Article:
John A. v. San Bernardino City Unified School Dist. (1982)Annotate this Case
JOHN A., a Minor, etc., Plaintiff and Appellant, v. SAN BERNARDINO CITY UNIFIED SCHOOL DISTRICT et al., Defendants and Respondents
(Opinion by Broussard, J., with Compton, J., concurring. Bird C. J., and Kaus, J., [33 Cal. 3d 302]
concurred in the result. Separate concurring opinion by Newman, J. Separate dissenting opinion by Mosk, J., with Richardson, J., concurring.) concurred in the result. Separate concurring opinion by Newman, J. Separate dissenting opinion by Mosk, J., with Richardson, J., concurring.)
Carlos L. Juarez, Albert A. Duarte, Cynthia Ludvigsen, Jeffrey L. Kastner, Ronald L. Taylor, Paul Henry Abram and Nathan L. Rosenberg for Plaintiff and Appellant.
Bruce Saltzer, Kenyon F. Dobberteen, Mary Burdick and Paul Weckstein as Amici Curiae on behalf of Plaintiff and Appellant. [33 Cal. 3d 304]
Ronald C. Ruud, Judith J. Clem and Atkinson, Andelson, Rudd & Romo for Defendants and Respondents.
John H. Larson, County Counsel (Los Angeles), Roberta M. Fesler, Deputy County Counsel, Ron Apperson, George Deukmejian, Attorney General, and Robert E. Murphy, Deputy Attorney General, as Amici Curiae on behalf of Defendants and Respondents.
Plaintiff appeals from a judgment denying petition for writ of mandate to compel readmission to high school.
After a high school freshman football game, an altercation involving a number of the players erupted on the San Bernardino High School campus. No teachers, coaches or other school officials witnessed the incident. The mother of a team member informed the school administration that her son and another boy had been assaulted and injured during the fight. Vice Principal Fitzgerald was assigned to investigate the incident. He obtained signed statements from eight students who were allegedly involved in the altercation, including plaintiff, then a fourteen-year-old freshman. Plaintiff was suspended from school for his alleged participation in the fight and notice of the suspension was sent to his mother.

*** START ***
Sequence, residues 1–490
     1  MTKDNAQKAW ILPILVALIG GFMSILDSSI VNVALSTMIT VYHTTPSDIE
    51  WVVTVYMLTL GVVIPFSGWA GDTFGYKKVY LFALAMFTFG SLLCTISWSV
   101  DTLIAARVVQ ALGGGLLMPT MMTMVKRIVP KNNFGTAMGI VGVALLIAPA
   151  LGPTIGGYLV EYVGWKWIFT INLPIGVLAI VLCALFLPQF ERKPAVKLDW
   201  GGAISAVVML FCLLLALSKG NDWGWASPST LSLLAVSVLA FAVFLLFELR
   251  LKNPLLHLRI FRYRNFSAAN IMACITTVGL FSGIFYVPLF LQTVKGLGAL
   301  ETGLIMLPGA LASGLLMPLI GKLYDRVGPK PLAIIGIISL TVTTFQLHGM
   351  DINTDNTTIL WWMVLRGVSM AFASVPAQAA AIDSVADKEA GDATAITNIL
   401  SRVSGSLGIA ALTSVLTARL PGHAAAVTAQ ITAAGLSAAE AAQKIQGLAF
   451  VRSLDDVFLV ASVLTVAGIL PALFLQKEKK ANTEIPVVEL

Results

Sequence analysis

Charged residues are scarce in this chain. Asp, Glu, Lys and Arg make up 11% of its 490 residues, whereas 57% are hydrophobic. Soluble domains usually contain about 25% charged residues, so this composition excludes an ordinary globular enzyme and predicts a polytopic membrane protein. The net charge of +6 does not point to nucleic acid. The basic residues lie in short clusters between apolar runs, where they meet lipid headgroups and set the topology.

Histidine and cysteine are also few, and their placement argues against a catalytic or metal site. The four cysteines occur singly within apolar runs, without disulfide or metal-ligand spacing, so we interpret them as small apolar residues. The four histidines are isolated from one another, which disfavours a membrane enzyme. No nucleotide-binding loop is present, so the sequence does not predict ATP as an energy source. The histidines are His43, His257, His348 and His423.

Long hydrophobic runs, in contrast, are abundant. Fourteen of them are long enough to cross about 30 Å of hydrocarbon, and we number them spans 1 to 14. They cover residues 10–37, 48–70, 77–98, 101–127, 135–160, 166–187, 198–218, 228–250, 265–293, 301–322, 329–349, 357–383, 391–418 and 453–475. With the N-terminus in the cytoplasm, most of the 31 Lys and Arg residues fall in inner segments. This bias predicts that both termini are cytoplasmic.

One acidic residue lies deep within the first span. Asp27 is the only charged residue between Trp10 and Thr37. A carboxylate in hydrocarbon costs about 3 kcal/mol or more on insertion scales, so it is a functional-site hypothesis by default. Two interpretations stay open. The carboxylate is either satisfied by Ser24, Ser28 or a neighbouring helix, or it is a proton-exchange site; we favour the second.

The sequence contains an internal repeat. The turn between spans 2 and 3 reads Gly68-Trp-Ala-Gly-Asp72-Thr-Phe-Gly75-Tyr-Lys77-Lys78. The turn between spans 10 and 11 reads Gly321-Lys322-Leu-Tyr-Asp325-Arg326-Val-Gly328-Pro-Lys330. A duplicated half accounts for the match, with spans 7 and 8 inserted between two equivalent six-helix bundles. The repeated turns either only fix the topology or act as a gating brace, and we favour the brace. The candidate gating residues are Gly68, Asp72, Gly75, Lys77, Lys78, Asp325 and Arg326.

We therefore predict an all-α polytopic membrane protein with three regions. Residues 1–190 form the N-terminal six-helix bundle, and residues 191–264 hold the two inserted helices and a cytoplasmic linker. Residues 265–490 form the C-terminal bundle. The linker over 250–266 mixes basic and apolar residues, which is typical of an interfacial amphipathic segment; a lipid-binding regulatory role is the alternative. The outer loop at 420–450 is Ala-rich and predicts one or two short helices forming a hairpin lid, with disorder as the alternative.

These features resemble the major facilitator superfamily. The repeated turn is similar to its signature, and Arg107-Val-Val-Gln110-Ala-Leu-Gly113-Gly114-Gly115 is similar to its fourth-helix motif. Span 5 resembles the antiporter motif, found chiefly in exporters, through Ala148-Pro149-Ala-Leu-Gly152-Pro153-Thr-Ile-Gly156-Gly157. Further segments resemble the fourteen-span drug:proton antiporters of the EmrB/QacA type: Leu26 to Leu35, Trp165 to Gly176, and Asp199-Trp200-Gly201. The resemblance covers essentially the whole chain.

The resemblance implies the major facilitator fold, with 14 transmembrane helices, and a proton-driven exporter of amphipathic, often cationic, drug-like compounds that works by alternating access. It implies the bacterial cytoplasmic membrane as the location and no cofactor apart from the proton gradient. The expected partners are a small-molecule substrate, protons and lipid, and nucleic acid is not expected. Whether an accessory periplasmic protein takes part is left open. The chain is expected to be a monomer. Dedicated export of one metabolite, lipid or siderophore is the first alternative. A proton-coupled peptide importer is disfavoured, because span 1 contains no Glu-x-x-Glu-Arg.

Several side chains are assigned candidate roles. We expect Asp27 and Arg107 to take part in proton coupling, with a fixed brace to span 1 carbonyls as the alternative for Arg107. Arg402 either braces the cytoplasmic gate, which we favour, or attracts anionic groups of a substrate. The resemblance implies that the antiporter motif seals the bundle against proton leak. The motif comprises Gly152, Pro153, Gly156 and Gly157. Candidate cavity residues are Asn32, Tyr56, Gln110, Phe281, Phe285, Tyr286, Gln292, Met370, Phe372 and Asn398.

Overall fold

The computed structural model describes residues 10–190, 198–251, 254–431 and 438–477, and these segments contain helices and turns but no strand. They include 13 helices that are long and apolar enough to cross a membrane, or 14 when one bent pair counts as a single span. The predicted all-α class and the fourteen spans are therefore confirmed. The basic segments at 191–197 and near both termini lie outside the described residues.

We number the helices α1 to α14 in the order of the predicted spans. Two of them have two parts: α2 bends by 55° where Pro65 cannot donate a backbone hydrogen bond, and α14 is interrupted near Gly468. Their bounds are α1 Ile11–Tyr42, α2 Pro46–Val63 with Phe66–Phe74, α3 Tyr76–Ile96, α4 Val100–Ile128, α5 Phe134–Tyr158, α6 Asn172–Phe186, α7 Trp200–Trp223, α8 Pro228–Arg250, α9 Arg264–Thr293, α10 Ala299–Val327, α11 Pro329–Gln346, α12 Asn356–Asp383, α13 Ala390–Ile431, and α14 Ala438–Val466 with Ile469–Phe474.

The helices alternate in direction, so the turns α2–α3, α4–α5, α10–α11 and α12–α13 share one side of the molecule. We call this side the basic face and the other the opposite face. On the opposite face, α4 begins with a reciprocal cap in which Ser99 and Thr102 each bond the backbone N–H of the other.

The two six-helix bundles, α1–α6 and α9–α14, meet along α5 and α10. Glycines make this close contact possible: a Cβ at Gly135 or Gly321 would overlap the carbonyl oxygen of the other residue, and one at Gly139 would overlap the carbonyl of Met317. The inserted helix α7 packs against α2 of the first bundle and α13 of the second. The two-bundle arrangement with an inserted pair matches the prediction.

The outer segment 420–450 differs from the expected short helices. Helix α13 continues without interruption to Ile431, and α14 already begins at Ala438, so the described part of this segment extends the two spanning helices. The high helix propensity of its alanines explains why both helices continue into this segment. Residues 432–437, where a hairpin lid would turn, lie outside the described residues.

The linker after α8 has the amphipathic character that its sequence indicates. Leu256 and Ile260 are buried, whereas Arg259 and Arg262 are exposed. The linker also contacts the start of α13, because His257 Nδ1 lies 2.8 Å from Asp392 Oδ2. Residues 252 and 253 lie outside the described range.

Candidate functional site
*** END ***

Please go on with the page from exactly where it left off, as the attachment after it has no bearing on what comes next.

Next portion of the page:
The school principal recommended plaintiff be expelled, fn. 1 and the district superintendent's office informed plaintiff's mother by letter that a hearing had been scheduled on the question of plaintiff's expulsion for assaulting and injuring two students without provocation. The letter also informed plaintiff and his mother that they would have an "opportunity to participate in the discussion of his case," that they could "present evidence, both oral and documentary," and that they might be accompanied by a friend or advisor or, if they desired, might "employ and be represented by counsel." Enclosed with the letter was a copy of the school district's rules on student discipline which contained a recital of the matters required to be included in a notice of an expulsion hearing. fn. 2 [33 Cal. 3d 305]
The three-member hearing panel was composed of certificated employees of the district who were not employed at the high school attended by plaintiff. fn. 3 Plaintiff, his mother, and Vice Principal Fitzgerald were in attendance at the hearing. The chairperson of the hearing panel opened the proceedings by telling plaintiff and his mother that the purpose of the hearing was to afford them the opportunity to hear the charges and the information gathered by the school staff, the chance to refute or add to that information, and to make statements on plaintiff's behalf. The chairperson then read into the record a letter from the high school principal to the district superintendent recommending plaintiff's expulsion for the alleged assaults, fn. 4 Mr. Fitzgerald's written report of his investigation, and the signed statements. The chairperson then turned to plaintiff and asked: "What exactly happened that day after the football game?" After a one-sentence answer, plaintiff was thereafter questioned by panel members concerning the incident, his attendance record and an incident in which he was reported to have hit another student in class.
Neither the two injured boys nor any of the other witnesses to the fracas testified, and there was no showing that they were unwilling to testify or that by testifying they would subject themselves to a substantial risk of harm.
In the statements which Mr. Fitzgerald obtained from the students, each gave a somewhat different version of the incident; six, however, said that plaintiff had either struck or kicked the two boys who were allegedly injured. The two boys and several other witnesses said that plaintiff and several others chased the injured boys and caught them, and plaintiff and another boy started hitting the two injured boys. Other students broke up the fight, and the police were called.